f retention are undesirable

Management: Multiple Choice Questions

Multiple Choice Questions Chapter 1 1. The term “hazard” refers to (a) the same thing as the term…


Multiple Choice Questions Chapter 1

1. The term “hazard” refers to

(a) the same thing as the term peril.

(b) a condition that increases the chance of loss.

(c) uncertainty regarding loss.

(d) the same thing as probability of loss.

2. From the viewpoint of society and the economy, the most desirable means of dealing with risk is

(a) transfer.

(b) retention.

(c) loss prevention.

(d) sharing.

3. Hazards are usually classified into three categories. They are:

(a) perils, risks, and uncertainties.

(b) physical, mental, and moral.

(c) moral, morale, and physical.

(d) personal, property, and liability.

4. To be technically correct, we should define “fire” as

(a) a peril.

(b) a hazard.

(c) a risk.

(d) any of the above is equally correct.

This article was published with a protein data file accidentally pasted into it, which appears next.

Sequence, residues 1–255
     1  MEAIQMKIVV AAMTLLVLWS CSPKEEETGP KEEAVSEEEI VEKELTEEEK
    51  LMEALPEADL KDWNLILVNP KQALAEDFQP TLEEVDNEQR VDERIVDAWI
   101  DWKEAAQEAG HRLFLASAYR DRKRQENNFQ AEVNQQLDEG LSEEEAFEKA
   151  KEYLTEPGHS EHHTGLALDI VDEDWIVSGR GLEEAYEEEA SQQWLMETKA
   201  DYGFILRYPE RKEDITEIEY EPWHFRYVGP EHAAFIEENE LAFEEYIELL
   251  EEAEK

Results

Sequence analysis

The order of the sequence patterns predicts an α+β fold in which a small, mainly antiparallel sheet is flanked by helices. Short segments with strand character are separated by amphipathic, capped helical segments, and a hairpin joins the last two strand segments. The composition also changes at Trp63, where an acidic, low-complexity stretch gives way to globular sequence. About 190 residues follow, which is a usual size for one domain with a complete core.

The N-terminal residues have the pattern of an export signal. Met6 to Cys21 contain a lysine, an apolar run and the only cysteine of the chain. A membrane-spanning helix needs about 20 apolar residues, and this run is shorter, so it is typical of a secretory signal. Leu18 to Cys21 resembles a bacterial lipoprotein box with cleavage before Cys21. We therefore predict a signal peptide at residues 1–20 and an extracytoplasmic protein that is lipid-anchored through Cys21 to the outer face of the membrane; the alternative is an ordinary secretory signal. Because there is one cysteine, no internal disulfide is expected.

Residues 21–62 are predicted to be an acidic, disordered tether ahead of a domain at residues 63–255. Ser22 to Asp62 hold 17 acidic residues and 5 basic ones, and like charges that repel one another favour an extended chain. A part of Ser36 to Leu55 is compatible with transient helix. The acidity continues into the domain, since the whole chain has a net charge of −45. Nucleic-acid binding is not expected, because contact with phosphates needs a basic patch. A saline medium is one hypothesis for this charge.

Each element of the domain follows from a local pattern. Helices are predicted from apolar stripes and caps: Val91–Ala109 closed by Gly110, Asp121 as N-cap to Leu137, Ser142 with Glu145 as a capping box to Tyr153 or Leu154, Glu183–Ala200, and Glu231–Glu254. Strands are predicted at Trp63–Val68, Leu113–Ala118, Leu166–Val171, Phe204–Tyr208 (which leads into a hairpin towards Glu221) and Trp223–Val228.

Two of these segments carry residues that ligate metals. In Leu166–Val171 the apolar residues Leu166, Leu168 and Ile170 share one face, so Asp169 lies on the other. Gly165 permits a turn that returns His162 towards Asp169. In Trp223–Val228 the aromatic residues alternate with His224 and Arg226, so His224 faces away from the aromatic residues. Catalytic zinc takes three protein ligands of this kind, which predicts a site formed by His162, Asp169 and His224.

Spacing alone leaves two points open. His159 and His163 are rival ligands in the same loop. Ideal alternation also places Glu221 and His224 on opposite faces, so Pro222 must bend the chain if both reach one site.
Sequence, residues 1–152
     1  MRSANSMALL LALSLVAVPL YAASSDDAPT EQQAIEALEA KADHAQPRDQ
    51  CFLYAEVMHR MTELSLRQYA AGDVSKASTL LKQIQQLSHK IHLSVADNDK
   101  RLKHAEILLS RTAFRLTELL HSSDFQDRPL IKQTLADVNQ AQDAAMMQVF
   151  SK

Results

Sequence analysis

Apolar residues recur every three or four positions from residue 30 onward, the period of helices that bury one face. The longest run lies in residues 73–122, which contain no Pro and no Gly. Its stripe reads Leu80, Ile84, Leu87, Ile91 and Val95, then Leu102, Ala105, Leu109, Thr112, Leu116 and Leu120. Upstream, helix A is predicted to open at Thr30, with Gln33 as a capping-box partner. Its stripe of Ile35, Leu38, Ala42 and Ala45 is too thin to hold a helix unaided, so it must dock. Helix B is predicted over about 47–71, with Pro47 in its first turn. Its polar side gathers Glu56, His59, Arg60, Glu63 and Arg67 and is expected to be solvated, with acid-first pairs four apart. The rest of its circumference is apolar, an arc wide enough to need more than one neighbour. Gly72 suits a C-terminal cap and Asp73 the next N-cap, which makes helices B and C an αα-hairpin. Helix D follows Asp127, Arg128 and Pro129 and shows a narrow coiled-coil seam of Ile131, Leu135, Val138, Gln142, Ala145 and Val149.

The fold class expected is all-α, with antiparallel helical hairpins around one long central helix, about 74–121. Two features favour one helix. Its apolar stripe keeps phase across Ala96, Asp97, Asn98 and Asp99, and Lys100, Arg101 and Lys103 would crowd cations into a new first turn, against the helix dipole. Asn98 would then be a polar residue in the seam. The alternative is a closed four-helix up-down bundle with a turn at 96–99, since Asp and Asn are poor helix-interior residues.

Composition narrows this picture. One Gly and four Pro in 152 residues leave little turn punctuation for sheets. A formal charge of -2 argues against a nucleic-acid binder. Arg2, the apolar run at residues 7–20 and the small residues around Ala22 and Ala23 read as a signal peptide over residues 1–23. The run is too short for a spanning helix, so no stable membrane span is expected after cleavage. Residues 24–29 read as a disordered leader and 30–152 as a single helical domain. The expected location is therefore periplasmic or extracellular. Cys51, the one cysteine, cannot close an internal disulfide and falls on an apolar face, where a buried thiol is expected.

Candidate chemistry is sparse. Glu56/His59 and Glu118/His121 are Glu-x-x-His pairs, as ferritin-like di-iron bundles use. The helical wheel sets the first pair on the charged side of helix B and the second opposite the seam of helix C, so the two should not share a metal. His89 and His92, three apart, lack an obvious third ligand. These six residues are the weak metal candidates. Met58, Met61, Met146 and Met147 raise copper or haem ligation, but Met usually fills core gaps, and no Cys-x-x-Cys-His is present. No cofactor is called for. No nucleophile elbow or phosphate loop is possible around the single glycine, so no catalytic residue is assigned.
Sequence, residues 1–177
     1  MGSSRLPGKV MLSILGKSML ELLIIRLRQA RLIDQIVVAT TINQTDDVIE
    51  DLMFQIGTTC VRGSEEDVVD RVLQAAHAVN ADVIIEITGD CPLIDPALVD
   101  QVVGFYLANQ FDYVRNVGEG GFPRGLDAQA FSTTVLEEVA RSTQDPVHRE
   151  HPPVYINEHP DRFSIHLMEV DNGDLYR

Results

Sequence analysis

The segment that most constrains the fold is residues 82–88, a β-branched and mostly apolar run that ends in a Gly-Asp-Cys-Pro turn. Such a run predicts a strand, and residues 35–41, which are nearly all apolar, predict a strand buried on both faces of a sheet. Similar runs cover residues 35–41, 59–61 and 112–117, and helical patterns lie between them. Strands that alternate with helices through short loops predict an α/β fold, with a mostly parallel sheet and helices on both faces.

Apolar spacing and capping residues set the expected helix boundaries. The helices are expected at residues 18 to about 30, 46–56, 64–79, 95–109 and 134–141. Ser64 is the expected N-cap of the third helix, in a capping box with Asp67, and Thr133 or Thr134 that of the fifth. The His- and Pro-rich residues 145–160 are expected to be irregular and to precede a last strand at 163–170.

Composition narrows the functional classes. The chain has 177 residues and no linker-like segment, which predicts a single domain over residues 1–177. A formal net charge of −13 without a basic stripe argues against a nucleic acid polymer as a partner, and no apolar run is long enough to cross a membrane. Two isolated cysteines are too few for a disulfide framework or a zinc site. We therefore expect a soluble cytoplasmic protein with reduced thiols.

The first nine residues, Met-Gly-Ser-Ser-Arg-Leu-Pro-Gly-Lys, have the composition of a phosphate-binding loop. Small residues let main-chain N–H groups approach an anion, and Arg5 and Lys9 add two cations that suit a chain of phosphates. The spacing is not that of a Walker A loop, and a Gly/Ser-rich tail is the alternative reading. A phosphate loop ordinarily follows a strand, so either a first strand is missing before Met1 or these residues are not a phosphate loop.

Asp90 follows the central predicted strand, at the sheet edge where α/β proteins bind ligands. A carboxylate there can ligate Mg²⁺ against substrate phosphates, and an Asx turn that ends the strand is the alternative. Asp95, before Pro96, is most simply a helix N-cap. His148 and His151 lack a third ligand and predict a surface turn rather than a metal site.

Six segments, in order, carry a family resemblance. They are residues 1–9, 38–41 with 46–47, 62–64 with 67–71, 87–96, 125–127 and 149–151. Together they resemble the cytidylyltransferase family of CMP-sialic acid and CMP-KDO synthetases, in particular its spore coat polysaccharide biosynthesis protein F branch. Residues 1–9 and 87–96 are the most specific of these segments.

5. Pure risk is characterized by

(a) a chance of loss and a chance of gain.

(b) a chance of loss or no loss only.

(c) the chance of gain or no loss only.

(d) none of the above.

6. The distinction between fundamental and particular risks is important because

(a) normally only particular risks are insurable.

(b) whether a risk is fundamental or particular may determine how society will deal with it.

(c) fundamental risks are a source of gain to society.

(d) none of the above.

7. The possibility of loss resulting from a flood is an example of

(a) a static fundamental risk.

(b) a dynamic fundamental risk.

(c) a static particular risk.

(d) a dynamic particular risk.

8. Unemployment would generally be considered to be

(a) a static fundamental risk.

(b) a dynamic fundamental risk.

(c) a static particular risk.

(d) a dynamic particular risk.

9. The definition of “risk” suggested in the text views risk as

(a) a condition of the real world.

(b) a state of mind.

(c) subjective uncertainty.

(d) none of the above.